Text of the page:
Date of Award

5-2013

Degree Type

Dissertation

Degree Name

Doctor of Philosophy

Major

Educational Psychology and Research

Major Professor

Gary J. Skolits

Committee Members

Jennifer A. Morrow, John M. Peters, Jennifer K. Richards

Abstract

The purpose of this research was to explore evaluator perceptions of the processes they engage in when evaluating faculty development programs; their use of program theory; and the evaluation models they use to design faculty development program evaluations. Due primarily to the fact that most faculty development centers were established during the last twenty years, (Wright, 2011), previous research has shown a lack of widespread knowledge of program evaluation, and its application to faculty development interventions. Studies indicate a gap in the literature exploring program evaluation in faculty development centers from the evaluator’s standpoint. This study was interested in the processes evaluators engage in when they evaluate various programs in faculty development; the extent to which evaluators link evaluations to short, medium, and long term outcomes; and the use of standard evaluation models in faculty development.

A descriptive qualitative method utilizing semi-structured interview questions was used to collect data about the perceptions of evaluators concerning their experiences with program evaluation in faculty development. Five primary themes and one secondary theme emerged from the data analysis of information offered by each participant. The primary themes that emerged were: (a) purposeful selection of programs to evaluate, (b) careful planning of the evaluation methodology, (c) understanding that it takes considerable time to evaluate programs, (d) strategically linking program outcomes to center goals, and (d) implicit application of a utilization-focused approach to planning evaluation; a secondary theme emerged: (a) thinking critically about how to evaluate programs. These themes reflect consistent elements and patterns in participants’ comments on programs they select to evaluate, methods used in program evaluation, and examples of how evaluation results can be used.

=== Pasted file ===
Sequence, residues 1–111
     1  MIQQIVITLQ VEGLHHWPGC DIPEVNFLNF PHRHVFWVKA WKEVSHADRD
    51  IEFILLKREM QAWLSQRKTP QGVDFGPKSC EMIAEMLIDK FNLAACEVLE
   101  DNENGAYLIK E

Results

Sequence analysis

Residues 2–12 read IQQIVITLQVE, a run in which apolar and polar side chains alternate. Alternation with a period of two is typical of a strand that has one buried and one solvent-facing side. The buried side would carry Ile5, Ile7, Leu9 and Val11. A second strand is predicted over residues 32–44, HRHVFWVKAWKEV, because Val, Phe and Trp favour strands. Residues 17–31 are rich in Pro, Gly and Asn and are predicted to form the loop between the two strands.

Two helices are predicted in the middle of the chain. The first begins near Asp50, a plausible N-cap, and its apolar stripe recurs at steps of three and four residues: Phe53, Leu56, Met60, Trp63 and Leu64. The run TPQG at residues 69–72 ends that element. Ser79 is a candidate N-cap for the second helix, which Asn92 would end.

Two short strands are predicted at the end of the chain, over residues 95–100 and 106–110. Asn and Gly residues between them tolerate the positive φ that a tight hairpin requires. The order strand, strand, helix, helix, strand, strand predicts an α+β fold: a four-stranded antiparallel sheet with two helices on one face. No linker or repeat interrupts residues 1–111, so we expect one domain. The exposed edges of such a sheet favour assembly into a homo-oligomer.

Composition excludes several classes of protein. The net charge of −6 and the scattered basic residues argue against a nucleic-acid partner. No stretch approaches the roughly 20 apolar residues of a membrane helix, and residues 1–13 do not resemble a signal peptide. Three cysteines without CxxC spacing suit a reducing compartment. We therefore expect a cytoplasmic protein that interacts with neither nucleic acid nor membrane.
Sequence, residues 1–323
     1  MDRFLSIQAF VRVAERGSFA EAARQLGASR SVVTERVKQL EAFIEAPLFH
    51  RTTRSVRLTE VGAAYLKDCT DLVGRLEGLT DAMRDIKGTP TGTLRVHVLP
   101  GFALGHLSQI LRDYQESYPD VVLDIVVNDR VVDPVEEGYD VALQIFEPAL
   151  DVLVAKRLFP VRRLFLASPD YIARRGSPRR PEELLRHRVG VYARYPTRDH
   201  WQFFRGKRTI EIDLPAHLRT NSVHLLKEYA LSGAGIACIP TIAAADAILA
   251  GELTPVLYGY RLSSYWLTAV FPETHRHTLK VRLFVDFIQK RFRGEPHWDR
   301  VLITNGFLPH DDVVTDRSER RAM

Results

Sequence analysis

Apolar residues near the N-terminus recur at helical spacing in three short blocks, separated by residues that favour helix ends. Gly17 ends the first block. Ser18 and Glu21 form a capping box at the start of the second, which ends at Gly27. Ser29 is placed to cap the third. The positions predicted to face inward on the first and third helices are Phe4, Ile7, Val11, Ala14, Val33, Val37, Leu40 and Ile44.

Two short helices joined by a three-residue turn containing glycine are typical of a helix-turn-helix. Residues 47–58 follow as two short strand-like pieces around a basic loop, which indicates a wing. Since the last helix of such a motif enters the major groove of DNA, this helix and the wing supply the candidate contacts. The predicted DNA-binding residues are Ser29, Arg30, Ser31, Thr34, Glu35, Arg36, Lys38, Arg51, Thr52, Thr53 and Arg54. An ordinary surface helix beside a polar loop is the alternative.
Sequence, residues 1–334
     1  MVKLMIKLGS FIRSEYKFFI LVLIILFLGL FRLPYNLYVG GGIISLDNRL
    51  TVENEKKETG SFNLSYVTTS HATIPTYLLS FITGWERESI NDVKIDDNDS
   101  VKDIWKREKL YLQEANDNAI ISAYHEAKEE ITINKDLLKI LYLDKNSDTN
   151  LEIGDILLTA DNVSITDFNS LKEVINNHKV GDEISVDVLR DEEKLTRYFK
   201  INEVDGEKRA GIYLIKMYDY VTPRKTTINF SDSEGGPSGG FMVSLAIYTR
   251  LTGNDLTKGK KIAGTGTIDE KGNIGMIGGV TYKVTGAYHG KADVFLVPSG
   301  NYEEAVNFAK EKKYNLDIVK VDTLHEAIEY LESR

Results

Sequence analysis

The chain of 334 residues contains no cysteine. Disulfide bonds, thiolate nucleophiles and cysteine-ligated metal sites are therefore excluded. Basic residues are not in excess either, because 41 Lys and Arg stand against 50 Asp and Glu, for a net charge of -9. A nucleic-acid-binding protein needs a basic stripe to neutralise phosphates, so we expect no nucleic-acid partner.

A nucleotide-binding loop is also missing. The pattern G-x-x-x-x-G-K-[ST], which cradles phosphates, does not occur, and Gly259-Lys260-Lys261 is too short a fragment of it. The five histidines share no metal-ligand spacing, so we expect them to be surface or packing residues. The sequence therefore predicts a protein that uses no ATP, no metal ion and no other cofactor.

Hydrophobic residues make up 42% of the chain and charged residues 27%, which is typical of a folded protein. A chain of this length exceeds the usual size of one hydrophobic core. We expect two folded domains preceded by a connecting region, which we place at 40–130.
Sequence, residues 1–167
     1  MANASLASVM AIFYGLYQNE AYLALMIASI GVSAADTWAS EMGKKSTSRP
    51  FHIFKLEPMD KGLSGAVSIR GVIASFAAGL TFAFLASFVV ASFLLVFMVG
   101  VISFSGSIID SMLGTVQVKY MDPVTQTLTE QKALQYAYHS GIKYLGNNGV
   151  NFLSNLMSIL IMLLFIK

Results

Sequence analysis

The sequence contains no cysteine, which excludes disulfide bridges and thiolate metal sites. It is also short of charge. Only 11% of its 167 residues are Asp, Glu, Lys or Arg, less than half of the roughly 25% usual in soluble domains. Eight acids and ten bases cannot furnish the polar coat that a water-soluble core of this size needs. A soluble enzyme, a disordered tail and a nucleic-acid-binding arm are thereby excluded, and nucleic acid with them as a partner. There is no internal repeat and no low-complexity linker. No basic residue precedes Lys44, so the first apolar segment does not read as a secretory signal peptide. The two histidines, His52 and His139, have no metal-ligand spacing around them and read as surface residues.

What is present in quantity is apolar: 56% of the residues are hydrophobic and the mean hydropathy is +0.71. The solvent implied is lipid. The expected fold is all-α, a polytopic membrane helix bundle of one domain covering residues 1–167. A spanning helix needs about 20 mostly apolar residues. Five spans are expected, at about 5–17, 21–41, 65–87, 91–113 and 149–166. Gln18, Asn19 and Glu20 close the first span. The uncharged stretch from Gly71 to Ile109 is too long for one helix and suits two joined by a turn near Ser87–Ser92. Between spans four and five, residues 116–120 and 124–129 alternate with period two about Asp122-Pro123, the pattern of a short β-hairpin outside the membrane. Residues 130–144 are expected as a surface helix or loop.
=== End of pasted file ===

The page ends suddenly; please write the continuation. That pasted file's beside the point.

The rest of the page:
Implications of the findings are that program evaluators in the faculty development field should familiarize themselves with the evaluation processes, program theories, and evaluation models available in the literature and utilize them in faculty development evaluation. For future study, a descriptive case study of evaluation in faculty development programs is recommended. The suggested study design would include onsite observations, interviews with stakeholders, plus document review and analysis.

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